In the early part of the night a wombat grazes almost continuously, moving from tussock to tussock, sitting on its rump from time to time. Occasionally it pauses, head up, to listen and sniff the air, before lowering its head to graze again. After an hour or two, when its initial hunger is satisfied, it eats more sporadically, sits down more often and roams further between bouts of grazing. There is a great variety of ways in which a wombat passes the night, as so many factors can influence its activities. Usually it will stay above the ground, eating and travelling, for the entire night, but sometimes it will remain above ground for only three or four hours before retiring to a burrow, either for a rest or to do some housekeeping - cleaning out the tunnels or enlarging them. Then it emerges again to continue feeding, but it may disappear into another, or the same, burrow again later in the night. If it is disturbed in any way while it is above the ground, it will rapidly make for the nearest burrow, or a hollow log if there is no burrow handy, and dive into it. In this way a wombat may use three or four burrows in one night, and the burrow it finally enters for the next day's sleep may not be the one it left the previous evening.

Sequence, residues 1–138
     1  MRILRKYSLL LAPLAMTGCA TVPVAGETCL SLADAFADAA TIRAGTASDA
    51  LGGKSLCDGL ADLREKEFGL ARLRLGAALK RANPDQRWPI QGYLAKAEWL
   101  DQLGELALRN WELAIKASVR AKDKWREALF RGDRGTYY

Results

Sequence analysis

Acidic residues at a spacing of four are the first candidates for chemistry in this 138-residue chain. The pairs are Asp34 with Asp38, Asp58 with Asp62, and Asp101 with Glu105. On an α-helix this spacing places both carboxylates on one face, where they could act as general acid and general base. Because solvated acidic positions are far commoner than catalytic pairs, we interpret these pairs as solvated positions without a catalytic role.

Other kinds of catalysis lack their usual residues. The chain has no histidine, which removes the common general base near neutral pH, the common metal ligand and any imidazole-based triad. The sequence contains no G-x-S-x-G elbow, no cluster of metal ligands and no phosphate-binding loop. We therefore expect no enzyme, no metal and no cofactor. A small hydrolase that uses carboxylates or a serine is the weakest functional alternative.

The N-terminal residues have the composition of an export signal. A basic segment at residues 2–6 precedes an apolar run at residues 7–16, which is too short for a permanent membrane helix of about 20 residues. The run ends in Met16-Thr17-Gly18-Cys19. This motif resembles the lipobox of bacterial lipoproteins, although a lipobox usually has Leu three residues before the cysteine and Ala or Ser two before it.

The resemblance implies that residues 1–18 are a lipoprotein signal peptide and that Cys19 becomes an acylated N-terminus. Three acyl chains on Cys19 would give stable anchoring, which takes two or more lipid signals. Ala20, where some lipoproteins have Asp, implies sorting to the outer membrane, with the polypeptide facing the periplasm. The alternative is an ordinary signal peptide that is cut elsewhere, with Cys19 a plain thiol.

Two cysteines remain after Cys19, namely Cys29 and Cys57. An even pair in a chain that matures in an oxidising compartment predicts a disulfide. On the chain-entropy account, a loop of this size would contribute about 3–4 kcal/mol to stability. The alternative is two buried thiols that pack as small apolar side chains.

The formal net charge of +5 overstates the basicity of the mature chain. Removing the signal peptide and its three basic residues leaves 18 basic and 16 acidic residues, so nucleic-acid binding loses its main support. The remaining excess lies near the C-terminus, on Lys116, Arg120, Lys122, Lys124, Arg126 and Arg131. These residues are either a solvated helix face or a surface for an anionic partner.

Was this article helpful?